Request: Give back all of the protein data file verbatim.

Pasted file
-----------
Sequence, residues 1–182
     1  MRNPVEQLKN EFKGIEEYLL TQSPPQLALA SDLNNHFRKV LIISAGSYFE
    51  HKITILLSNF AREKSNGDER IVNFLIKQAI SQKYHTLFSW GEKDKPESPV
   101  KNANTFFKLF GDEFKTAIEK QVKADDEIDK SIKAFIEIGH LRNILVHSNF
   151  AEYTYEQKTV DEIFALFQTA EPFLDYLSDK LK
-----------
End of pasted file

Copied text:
Sequence, residues 1–182
     1  MRNPVEQLKN EFKGIEEYLL TQSPPQLALA SDLNNHFRKV LIISAGSYFE
    51  HKITILLSNF AREKSNGDER IVNFLIKQAI SQKYHTLFSW GEKDKPESPV
   101  KNANTFFKLF GDEFKTAIEK QVKADDEIDK SIKAFIEIGH LRNILVHSNF
   151  AEYTYEQKTV DEIFALFQTA EPFLDYLSDK LK